For those skeptics of gay love, I have a story to tell. My story is that my husband, Ken, never left my side. I’ve loved him since we met, and always known him to be an excellent human being—now he is in my stratosphere. He slept in the hospital every night with me, including six nights in a chair in the I.C.U., and another six in the hospital room sofa bed. He cared for me lovingly, attending to every detail, dealing with all the logistics, advocating on my behalf, respecting my every wish, listening to me, and loving me unconditionally. He cleaned me, and comforted me as I shook with fevers, fear and despair. He hugged me and kissed me, when everyone else was masked. I think the hospital staff early on understood the power of love in our relationship. We were lucky to be in Rhode Island, where gay marriage is recognized (though not yet legally performed), and not in another state where things could have been very different.
I really got close and personal to the spirit of New Englanders: respectful, caring, independent, wise. My nurse in I.C.U was a man named Gary, who disclosed to me in conversation that he was a Seventh Day Adventist, and that he and his family’s priorities and life revolved around their church, where he was an elder/minister. I visited that religion’s website later and read of their condemnation towards homosexuals. Yet Gary could not have been more caring towards us, more respectful towards Ken (knowing full well of our relationship), or a better nurse. He even came up to my room after I was out of ICU to visit and see how “we” were doing.
Ken and I always refer to each other as “husbands,” which is what we are. And I believe the natural love we demonstrated openly towards each other was so transparent, and so beautiful, that no one could repudiate it. I think in the face of truth and love, human-crafted religious edicts lose out because nothing is greater or more imbued with truth than the power of love. The “Gary” lesson for me is to be cautious in the future about stereotyping people with too wide a brush. There are good, respectful, decent people of all religious, philosophical and political persuasions.
I got stronger every day and each day felt closer to normal. When we arrived in Palm Springs, the mountains had never before looked so beautiful to me; our house felt more grandiose than the Vanderbilt’s Breakers; our dog Lily’s wagging tail became a grounding bolt of what really matters. I spent the week feeling grateful. Grateful for Ken, for my sister, for the extraordinary care I received in the hospital, for the hundreds of friends and family who called, texted, sent flowers, cards, prayers and filled our refrigerator at home with homemade food, and put flowers and cards in our house to cheer us up upon arrival, and for my immune system, which fought back from a very weak place.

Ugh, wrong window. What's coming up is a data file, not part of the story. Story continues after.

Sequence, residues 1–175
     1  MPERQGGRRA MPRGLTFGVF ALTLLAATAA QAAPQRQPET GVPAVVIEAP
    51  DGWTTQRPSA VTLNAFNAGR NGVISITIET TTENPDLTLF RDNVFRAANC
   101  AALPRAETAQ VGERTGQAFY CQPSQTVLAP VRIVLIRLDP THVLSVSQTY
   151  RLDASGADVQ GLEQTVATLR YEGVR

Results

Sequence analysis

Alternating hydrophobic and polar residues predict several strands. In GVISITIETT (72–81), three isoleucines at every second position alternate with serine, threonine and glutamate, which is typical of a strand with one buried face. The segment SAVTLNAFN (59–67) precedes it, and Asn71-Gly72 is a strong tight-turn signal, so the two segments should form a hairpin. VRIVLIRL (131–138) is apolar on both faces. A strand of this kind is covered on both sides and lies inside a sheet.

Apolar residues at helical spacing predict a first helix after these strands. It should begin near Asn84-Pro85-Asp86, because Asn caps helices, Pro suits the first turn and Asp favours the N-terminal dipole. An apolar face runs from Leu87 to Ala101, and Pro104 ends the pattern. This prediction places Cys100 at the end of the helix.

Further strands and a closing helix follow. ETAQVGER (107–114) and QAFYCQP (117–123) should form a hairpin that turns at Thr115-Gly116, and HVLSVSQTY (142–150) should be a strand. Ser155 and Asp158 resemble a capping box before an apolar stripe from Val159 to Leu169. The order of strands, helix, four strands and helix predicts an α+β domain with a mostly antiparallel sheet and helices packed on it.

Since then I’ve enjoyed emptying the dishwasher and folding the laundry in ways I never have before. Ken asked me if I had felt any anger at what had happened and the fact that we missed out on our vacation. I thought about it, and said, “No.” The anger I feel is for the fact that millions of people in this country and this world don’t have access to the care I did, don’t have loved ones to care for them, don’t have the means or the voice to defend themselves during their most vulnerable times.
As the health care argument plays out on national television, I have a recent personal experience to relate. Despite having excellent private insurance, and sufficient personal resources to access the best care, Ken and the nurse case manager at the hospital spent over six frustrating hours on the phone making arrangements for my post-hospital care. When the logistics had finally been worked out, the contracted healthcare provider became a prime example of waste in healthcare. They delivered an oxygen converter machine, six oxygen tanks and more tubing than I ever needed to our hotel in Boston, not to mention reams of paperwork that I simply threw away. I didn’t use even a third of the quantity they brought, but I’m certain they will bill my insurance for it at top rates. No wonder healthcare costs keep soaring.
In the hospital, which offered me top-of-the-line medical care, I was given an excessive number of toothbrushes, creams and bottles of Keri lotion, none of which I ordered, and no clear instructions on how to put a stop to that wasteful supply. Is reform needed? Yes, a resounding YES. And people who think otherwise are either burying their head in the sand, or are simply selfish and unconscious in their thought process. I don’t know what the right path is to reform, but I do know what all parties need to put into their decision-making: the consciousness of love, dignity towards every living being, respect for the frailties of others, and simple smarts that uses available technology to keep waste to a minimum, costs contained and better accountability. We also need computerized medical records that can be quickly accessed nationally, and a system that offers top tier and seamless care to ALL Americans, with minimal bureaucracy.
My experience was very humbling, and I hope to become a better person because of it. I don’t know how I will do that, but I’m going to start by practicing being more loving and more compassionate, more forgiving, more conscious of the suffering of others, more cautious in my thinking, and more tempered in my response to the little things in life that in the end matter very little.